We suspect that Catholic officials in Ecuador have underreported the damage caused by abusive priests, nuns, and religious orders. Concealing the truth and deceiving the…
Pope Francis set a 40-euro ($48) gift cap for all Vatican employees Thursday and issued a new law requiring Vatican cardinals and managers to periodically report on their compliance with clean financial practices in one of his biggest efforts yet to crack down on corruption in the Holy See.
The law requires Vatican superiors to declare every two years that they aren’t stashing money in tax havens and aren’t under criminal investigation for tax evasion, money laundering or other crimes. They also must declare that any investments they hold are in funds consistent with Catholic doctrine.
The crackdown comes as Vatican prosecutors are nearly two years into a corruption investigation involving the Vatican’s investment in a London real estate venture. Francis has preached about cleaning up the Holy See’s murky financial practices for eight years, but the new law marks his biggest step yet to ensure his own cardinals and…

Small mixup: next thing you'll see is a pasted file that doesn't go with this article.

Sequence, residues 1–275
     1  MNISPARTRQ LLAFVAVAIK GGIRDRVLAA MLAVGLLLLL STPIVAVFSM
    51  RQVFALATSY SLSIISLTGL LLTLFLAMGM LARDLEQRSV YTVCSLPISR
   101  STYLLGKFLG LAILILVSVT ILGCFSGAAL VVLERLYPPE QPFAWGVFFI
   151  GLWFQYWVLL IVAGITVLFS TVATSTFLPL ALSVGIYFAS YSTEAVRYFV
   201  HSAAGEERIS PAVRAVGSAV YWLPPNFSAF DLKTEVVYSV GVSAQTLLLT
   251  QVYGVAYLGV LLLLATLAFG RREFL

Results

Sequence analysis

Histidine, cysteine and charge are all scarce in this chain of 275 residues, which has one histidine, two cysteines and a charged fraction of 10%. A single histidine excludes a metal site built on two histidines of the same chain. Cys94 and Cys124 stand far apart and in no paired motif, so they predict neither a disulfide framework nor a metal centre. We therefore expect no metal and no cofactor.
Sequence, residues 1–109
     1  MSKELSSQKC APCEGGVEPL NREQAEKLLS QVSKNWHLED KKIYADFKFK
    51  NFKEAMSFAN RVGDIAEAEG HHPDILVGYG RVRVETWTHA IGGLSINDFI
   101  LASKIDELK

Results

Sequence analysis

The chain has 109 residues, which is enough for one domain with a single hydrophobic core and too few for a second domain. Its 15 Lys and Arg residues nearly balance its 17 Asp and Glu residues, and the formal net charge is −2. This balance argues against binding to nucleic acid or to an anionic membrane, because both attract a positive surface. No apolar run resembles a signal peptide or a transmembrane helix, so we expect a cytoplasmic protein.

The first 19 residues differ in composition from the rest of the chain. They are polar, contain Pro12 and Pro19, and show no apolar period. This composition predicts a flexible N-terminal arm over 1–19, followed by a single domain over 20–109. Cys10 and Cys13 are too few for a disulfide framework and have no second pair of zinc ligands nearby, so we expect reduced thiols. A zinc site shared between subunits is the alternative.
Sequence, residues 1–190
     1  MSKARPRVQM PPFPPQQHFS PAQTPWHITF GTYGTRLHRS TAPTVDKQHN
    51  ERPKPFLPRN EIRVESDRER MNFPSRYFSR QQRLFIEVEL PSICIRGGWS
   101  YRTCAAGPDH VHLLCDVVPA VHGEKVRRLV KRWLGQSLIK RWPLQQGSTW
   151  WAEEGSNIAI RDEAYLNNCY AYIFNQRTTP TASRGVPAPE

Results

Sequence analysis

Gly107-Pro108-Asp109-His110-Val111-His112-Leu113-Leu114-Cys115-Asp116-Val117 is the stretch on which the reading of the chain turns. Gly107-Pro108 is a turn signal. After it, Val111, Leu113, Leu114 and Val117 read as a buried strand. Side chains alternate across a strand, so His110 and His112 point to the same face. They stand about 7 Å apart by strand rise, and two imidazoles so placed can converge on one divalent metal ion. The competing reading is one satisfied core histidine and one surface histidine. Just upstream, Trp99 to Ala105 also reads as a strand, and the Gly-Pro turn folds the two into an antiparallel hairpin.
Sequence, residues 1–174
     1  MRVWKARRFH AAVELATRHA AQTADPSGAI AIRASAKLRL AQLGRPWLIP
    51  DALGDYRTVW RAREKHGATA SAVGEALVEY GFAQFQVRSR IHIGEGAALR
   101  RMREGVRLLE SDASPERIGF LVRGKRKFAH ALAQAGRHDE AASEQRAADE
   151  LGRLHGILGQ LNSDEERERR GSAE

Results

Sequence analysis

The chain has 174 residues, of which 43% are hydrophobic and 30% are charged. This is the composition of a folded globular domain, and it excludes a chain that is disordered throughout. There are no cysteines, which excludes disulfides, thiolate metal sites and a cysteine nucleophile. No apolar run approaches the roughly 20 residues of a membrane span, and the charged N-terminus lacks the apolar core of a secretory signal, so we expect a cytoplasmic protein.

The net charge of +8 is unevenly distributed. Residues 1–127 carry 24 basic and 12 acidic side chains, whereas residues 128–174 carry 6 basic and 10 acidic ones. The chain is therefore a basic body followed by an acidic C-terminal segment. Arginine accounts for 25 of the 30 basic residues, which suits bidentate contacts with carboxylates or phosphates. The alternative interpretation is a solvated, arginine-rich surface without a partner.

The Wisconsin Department of Justice is opening a statewide investigation of abuse by clergy and faith leaders within the state’s five dioceses.
“We’re conducting this review to promote greater accountability and to promote healing for victims” as well as improving the response to abuse and preventing future abuse cases, said Attorney General Josh Kaul during an April 27 news conference outside the Wisconsin State Capitol.
Leaders of the Archdiocese of Milwaukee and the dioceses of Green Bay, La Crosse, Madison and Superior, and the Norbertines at St. Norbert Abbey acknowledged in statements released as Kaul was meeting with reporters that they joined the attorney general during a teleconference April 26 to discuss the planned investigation.
Each diocese also said the review will look at historical cases rather than reports of new allegations of sexual abuse.
The statements from the dioceses and the religious order said requests for documents from the Wisconsin Department…